Our biologist friend came back and this time took the baby Leatherback back to the research station with plans to release her that night under the cover of darkness, to avoid the daytime birds and improve this Leatherback's chance of survival. During hatching and crawling to the ocean the texture and composition of the sand and the beach location gets imprinted into a turtle's brain and she will only return to the same exact location to nest in 25 years time when she reaches sexual maturity. The Leatherback turtles are too endangered for the researchers to sit back and watch as nature unfolds. Only one in one hundred Leatherback eggs produce a turtle that will reach adulthood! The biologist checked the nest and the tag told us that the nest was laid exactly eight weeks earlier. She let the kids name the baby Leatherback and this time they chose Negra Bella, Black Beauty, which was a very suitable name. She was positively stunning and we felt so grateful to have had a very minor hand in her start in the world.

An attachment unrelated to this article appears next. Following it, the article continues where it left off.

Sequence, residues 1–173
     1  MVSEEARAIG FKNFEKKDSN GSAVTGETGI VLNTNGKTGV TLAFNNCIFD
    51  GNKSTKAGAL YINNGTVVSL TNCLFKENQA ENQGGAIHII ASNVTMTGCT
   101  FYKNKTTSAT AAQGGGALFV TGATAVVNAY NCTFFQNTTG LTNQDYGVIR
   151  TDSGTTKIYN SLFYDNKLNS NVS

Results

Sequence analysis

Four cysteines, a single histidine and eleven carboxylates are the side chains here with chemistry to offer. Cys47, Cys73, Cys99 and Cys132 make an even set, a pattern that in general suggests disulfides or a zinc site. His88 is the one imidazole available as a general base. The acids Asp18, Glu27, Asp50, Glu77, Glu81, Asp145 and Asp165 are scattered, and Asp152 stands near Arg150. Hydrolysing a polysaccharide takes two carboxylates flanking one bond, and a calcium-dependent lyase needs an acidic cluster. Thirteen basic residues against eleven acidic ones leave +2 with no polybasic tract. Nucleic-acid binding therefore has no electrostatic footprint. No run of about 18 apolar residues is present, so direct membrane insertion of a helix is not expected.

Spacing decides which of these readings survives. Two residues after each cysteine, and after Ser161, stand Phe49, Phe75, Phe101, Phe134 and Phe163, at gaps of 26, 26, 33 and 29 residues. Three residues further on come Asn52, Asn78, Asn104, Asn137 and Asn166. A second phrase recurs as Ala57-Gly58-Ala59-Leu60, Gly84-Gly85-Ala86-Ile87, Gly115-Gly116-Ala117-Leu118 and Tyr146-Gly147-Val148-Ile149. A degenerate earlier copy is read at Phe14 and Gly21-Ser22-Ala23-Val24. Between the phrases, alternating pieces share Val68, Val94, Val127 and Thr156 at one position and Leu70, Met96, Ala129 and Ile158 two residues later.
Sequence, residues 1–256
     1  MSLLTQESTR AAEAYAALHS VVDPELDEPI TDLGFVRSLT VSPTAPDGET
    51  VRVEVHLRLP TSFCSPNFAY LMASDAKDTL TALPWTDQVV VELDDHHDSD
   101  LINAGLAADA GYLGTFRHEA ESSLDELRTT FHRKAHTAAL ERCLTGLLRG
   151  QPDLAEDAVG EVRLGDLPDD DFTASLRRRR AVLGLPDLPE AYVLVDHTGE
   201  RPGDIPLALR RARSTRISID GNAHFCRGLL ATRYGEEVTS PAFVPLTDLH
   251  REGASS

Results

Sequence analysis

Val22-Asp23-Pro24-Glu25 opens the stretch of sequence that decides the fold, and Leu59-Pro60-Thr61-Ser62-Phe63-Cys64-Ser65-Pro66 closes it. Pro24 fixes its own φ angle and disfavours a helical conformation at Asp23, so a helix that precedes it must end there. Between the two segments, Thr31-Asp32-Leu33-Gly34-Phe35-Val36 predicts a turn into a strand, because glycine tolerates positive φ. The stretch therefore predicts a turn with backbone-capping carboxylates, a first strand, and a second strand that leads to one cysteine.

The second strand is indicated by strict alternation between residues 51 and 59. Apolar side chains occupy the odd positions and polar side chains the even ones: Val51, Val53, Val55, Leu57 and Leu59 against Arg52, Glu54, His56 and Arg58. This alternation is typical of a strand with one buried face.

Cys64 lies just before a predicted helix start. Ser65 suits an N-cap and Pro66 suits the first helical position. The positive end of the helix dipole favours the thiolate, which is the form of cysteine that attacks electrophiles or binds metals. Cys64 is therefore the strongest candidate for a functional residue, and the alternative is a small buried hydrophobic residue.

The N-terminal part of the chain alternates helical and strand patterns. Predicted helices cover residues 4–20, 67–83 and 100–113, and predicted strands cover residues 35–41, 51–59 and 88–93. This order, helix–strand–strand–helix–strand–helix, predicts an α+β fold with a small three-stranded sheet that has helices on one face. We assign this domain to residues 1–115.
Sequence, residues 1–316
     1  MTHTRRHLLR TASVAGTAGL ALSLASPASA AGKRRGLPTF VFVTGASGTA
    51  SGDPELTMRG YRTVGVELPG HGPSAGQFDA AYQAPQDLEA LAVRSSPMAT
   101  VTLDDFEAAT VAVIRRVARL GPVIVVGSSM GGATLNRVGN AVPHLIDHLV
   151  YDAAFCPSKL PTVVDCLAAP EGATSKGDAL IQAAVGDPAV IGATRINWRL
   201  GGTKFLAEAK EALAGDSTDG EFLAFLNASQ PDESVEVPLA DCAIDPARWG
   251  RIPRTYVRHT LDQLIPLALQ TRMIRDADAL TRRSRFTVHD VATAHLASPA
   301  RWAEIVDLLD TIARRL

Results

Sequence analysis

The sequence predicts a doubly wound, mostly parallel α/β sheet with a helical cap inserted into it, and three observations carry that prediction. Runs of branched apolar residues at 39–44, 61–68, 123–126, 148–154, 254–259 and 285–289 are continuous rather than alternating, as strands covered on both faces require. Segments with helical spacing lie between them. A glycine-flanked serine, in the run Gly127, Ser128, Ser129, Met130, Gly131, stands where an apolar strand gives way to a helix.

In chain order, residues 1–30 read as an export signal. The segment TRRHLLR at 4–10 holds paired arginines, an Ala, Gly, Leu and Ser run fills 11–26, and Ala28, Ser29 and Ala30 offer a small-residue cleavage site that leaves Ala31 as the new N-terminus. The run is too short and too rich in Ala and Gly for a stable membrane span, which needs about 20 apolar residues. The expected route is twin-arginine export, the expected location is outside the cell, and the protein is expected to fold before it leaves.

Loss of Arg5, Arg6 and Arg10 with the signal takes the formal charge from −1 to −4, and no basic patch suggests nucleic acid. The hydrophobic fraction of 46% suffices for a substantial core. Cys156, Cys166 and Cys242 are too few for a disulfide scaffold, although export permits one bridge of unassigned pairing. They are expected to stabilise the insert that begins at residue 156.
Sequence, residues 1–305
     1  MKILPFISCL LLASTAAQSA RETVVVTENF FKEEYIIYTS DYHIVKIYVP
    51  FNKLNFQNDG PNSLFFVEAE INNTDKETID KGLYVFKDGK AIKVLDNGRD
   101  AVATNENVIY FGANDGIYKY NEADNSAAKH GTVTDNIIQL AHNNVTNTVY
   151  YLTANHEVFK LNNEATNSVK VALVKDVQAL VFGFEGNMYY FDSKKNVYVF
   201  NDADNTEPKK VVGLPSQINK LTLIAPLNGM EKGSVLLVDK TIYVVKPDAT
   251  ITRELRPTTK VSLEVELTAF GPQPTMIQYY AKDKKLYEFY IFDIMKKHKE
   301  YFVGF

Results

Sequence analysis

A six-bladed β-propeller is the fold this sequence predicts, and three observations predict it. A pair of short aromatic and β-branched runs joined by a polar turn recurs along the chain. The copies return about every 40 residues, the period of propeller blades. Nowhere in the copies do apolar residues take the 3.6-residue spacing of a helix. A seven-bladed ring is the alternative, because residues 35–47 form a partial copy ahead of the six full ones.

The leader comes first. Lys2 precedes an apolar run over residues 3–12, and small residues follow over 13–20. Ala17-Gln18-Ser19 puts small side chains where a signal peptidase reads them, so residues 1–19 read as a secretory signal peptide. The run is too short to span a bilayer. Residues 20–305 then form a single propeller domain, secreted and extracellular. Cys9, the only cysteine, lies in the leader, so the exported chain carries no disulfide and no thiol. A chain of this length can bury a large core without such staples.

Would she be one of the lucky ones to survive? Again, we all frantically crossed our fingers. Except this time it was not for our own chance to witness something as amazing as a sea turtle nesting or hatching, instead we were all desperately hoping that these majestic creatures who have existed for millions of years will find a way to survive in an ever changing world.

Posted by Salsa Sojourns 22:34 Archived in Costa Rica Comments (4)

Pura Vida

Living the life... surfing and swimming at Playa Grande, by Mirren

sunny 35 °C

In Playa Grande we went to the beach twice every day. We would go for a fun swim in the morning, and to refreshingly cool off again and watch the sunset after a boiling hot afternoon. We were living the life; in Costa Rica that is what they call Pura Vida.

On the second day, Daddy, Ailsa and I took a surfing lesson with JJ from Frijoles Locos Surf Shop. We were told that it is easy to look like a professional with your surfboard on the sand, but a lot harder to look good in the water. So, here we are looking pretty good!


JJ first showed us how to 'pop up' on the surf board while on the beach. In the water you have to paddle and then push up with your hands while you scoot your feet to the middle of the board. Then you have to bend your knees and keep your feet across the board to balance. The instructor helped us catch the right waves and told us when to try to get up. It takes most people a few days to get up on the board, but we did well and all got up on the first day. I got up on my first try! We decided to rent a surfboard for the week.